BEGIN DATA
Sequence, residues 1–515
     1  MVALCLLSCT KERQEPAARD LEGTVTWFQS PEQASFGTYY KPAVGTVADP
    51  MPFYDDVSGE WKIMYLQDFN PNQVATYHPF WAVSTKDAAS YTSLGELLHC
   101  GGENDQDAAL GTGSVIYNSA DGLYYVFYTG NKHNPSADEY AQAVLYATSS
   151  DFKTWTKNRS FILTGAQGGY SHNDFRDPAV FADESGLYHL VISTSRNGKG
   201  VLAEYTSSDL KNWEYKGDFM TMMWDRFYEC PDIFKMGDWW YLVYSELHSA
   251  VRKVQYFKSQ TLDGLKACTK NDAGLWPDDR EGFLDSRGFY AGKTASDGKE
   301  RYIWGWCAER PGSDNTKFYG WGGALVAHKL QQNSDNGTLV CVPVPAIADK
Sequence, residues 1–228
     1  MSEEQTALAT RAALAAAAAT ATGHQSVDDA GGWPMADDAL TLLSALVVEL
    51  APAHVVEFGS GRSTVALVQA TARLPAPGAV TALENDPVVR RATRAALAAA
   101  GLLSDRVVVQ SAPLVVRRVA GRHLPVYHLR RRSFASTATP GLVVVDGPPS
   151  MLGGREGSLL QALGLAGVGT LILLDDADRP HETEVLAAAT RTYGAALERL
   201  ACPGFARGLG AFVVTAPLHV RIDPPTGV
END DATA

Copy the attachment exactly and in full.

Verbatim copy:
Sequence, residues 1–515
     1  MVALCLLSCT KERQEPAARD LEGTVTWFQS PEQASFGTYY KPAVGTVADP
    51  MPFYDDVSGE WKIMYLQDFN PNQVATYHPF WAVSTKDAAS YTSLGELLHC
   101  GGENDQDAAL GTGSVIYNSA DGLYYVFYTG NKHNPSADEY AQAVLYATSS
   151  DFKTWTKNRS FILTGAQGGY SHNDFRDPAV FADESGLYHL VISTSRNGKG
   201  VLAEYTSSDL KNWEYKGDFM TMMWDRFYEC PDIFKMGDWW YLVYSELHSA
   251  VRKVQYFKSQ TLDGLKACTK NDAGLWPDDR EGFLDSRGFY AGKTASDGKE
   301  RYIWGWCAER PGSDNTKFYG WGGALVAHKL QQNSDNGTLV CVPVPAIADK
Sequence, residues 1–228
     1  MSEEQTALAT RAALAAAAAT ATGHQSVDDA GGWPMADDAL TLLSALVVEL
    51  APAHVVEFGS GRSTVALVQA TARLPAPGAV TALENDPVVR RATRAALAAA
   101  GLLSDRVVVQ SAPLVVRRVA GRHLPVYHLR RRSFASTATP GLVVVDGPPS
   151  MLGGREGSLL QALGLAGVGT LILLDDADRP HETEVLAAAT RTYGAALERL
   201  ACPGFARGLG AFVVTAPLHV RIDPPTGV